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Utility Company Locks 22,000 Denver-Area Customers Out Of Their Thermostats During Hot Weather For ‘Energy Emergency’


As temperatures reached into the 90s on Tuesday, thousands of people in the Denver, Colorado, area were locked out of their thermostats, unable to regulate the temps inside their homes. 

Minnesota-based utility company Xcel Energy confirmed that 22,000 customers enrolled in the Colorado AC Rewards program were locked out of their thermostats. Instead, they were met with an “energy emergency” message. 

“Normally, when we see a message like that, we’re able to override it,” resident Tony Talarico told KMGH-TV. “In this case, we weren’t. So, our thermostat was locked in at 78 or 79.”

Customers could not use their thermostats for several hours, and some reported that inside temps reached as high as 88 degrees. 

Xcel confirmed that the rewards members were affected but emphasized that customers choose to sign up for the program. Customers receive $100 credit for enrolling and $25 annually while agreeing to give up some control of their thermostats to conserve energy.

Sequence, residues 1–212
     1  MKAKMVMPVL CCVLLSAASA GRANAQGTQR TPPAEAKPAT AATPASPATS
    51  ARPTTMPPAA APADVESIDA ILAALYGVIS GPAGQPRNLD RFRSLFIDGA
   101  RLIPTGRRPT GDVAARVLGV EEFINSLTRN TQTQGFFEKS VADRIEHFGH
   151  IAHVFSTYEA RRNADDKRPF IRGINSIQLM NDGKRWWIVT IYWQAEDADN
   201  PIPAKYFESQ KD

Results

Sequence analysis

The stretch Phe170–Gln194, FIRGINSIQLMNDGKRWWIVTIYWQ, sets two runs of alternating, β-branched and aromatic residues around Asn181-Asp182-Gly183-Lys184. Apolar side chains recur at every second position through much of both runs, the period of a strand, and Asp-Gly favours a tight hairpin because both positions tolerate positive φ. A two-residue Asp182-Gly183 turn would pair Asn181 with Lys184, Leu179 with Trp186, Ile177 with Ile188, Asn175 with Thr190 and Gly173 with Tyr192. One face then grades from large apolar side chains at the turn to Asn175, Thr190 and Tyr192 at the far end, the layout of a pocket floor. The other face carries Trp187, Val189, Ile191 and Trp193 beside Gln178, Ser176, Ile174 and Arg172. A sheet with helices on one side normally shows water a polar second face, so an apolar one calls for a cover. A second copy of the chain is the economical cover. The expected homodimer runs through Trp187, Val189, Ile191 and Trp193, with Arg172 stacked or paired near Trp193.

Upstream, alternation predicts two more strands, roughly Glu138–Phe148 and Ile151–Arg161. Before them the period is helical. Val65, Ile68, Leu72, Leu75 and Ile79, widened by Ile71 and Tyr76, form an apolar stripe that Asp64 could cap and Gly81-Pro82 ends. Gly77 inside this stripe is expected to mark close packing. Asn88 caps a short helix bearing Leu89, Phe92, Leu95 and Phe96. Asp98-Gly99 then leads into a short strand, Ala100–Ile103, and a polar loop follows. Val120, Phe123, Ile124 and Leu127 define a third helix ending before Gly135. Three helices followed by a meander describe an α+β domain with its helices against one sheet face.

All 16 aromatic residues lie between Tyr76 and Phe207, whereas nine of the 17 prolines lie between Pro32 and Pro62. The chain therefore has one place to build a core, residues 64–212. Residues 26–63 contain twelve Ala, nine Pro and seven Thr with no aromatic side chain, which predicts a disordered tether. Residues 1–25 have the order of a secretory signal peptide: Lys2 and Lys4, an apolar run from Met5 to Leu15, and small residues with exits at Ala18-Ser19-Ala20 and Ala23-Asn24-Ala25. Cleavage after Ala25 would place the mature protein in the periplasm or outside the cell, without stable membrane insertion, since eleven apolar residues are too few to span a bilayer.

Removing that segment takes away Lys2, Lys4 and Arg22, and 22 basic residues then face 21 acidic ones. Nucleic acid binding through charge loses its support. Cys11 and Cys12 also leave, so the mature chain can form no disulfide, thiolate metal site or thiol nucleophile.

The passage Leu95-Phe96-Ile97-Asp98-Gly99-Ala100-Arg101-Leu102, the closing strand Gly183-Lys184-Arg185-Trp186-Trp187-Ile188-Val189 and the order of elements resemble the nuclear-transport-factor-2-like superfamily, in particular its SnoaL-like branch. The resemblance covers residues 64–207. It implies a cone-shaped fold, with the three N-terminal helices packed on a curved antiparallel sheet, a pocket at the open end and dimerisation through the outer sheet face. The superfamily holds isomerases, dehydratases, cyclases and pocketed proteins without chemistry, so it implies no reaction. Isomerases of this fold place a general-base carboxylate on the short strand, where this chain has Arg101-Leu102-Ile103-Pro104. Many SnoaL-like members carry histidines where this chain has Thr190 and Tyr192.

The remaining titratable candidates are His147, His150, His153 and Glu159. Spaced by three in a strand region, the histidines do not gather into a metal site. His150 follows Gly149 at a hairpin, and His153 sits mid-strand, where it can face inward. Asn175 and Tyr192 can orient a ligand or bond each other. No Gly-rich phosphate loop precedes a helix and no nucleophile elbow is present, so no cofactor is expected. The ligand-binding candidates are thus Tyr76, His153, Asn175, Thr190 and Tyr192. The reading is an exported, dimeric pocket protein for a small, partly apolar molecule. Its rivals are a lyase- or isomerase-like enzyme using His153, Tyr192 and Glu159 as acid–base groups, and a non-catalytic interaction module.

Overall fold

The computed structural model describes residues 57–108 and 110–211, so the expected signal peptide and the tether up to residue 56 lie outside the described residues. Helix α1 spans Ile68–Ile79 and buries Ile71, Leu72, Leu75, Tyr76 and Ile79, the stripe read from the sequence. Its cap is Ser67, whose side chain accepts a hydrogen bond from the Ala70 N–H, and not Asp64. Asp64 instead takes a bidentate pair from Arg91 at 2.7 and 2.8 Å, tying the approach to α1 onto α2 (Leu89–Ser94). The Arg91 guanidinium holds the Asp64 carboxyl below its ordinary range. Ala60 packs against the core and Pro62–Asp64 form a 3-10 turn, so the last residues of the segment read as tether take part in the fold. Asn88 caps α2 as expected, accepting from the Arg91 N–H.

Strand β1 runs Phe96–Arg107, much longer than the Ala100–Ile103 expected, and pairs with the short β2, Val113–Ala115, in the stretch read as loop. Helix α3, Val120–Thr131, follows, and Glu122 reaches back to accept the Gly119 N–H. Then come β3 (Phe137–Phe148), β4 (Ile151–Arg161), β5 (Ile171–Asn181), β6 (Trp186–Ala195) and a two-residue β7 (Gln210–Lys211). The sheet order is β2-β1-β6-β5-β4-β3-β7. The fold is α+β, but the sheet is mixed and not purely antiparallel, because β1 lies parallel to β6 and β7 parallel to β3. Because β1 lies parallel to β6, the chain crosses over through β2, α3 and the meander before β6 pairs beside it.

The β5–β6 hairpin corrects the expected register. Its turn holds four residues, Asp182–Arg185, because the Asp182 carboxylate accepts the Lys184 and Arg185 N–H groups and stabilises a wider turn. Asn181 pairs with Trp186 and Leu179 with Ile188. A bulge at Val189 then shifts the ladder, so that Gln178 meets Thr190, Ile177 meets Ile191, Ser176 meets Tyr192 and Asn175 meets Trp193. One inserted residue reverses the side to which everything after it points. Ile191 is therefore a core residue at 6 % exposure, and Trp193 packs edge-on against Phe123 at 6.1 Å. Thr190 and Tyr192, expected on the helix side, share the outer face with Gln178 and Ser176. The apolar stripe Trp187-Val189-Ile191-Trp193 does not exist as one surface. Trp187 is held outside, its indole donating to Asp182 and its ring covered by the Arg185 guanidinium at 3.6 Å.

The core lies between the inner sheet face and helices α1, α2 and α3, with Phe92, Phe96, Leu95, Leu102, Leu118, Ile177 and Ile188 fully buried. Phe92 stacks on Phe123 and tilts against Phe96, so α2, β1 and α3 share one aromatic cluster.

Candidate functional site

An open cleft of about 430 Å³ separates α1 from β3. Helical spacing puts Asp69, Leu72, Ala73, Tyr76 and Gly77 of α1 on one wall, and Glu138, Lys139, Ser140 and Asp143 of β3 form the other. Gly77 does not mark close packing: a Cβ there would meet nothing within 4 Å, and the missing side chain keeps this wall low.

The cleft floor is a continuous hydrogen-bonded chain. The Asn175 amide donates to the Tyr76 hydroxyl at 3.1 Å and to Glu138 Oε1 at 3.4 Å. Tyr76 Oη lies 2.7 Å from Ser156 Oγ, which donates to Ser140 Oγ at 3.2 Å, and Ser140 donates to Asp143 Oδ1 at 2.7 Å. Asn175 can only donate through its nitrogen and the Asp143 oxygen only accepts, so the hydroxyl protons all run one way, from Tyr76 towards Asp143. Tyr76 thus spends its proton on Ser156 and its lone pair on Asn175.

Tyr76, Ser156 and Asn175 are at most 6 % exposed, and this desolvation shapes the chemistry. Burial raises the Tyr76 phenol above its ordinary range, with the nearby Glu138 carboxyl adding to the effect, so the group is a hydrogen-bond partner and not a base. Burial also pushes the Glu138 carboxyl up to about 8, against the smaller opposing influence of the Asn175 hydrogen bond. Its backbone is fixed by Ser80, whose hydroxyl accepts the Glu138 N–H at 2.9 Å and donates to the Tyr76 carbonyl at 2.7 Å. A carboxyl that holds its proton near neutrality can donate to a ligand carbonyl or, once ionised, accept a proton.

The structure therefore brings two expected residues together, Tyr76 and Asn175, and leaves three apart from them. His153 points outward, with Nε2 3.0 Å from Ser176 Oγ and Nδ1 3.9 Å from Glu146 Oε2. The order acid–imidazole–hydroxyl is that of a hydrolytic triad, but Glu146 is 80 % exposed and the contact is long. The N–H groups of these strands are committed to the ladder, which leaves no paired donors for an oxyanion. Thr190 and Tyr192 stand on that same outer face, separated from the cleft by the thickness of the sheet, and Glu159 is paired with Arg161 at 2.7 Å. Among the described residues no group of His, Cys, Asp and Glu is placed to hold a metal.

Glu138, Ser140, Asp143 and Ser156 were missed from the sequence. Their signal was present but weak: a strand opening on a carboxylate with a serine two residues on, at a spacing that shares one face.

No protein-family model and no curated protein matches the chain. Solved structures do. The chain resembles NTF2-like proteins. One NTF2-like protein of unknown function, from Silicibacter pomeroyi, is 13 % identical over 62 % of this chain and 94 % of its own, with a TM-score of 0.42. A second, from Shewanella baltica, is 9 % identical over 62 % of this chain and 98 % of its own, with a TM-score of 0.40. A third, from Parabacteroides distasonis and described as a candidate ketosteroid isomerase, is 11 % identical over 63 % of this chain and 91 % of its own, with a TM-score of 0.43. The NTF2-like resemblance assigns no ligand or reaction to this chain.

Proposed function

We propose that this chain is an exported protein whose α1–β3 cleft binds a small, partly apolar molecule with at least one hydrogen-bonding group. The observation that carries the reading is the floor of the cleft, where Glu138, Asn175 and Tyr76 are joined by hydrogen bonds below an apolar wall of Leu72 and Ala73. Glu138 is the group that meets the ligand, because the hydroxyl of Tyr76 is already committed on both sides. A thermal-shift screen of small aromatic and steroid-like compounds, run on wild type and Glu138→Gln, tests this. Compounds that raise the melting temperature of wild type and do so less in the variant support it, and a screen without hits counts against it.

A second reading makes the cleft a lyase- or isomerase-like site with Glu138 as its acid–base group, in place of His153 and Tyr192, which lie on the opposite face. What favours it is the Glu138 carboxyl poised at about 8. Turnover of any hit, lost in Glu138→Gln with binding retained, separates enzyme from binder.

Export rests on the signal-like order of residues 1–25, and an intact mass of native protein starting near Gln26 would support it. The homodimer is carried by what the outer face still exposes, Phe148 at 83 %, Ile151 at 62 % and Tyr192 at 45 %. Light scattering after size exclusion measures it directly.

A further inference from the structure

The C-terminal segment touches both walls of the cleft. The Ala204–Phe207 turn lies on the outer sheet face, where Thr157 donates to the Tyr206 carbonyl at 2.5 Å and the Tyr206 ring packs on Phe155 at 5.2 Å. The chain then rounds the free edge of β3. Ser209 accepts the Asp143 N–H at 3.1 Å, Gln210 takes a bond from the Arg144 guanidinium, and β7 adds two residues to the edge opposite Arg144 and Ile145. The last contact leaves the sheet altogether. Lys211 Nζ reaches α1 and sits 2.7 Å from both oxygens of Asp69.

“It is a bit uncomfortable for a short period of time, but it’s very, very helpful,” Emmett Romine, the vice president of customer solutions and innovation at Xcel, said.

Romine pointed out that this is the first time since the program began six years ago that customers have been blocked from being able to regulate the temperature inside their homes. He said several factors contributed to the energy emergency: air conditioner usage during hot weather and an outage in Pueblo. 

Talarico told the outlet that he was unaware that he could be blocked from using his thermostat and that he did not sign up for the rewards program believing he could lose control of regulating the temperature in his home. 

 





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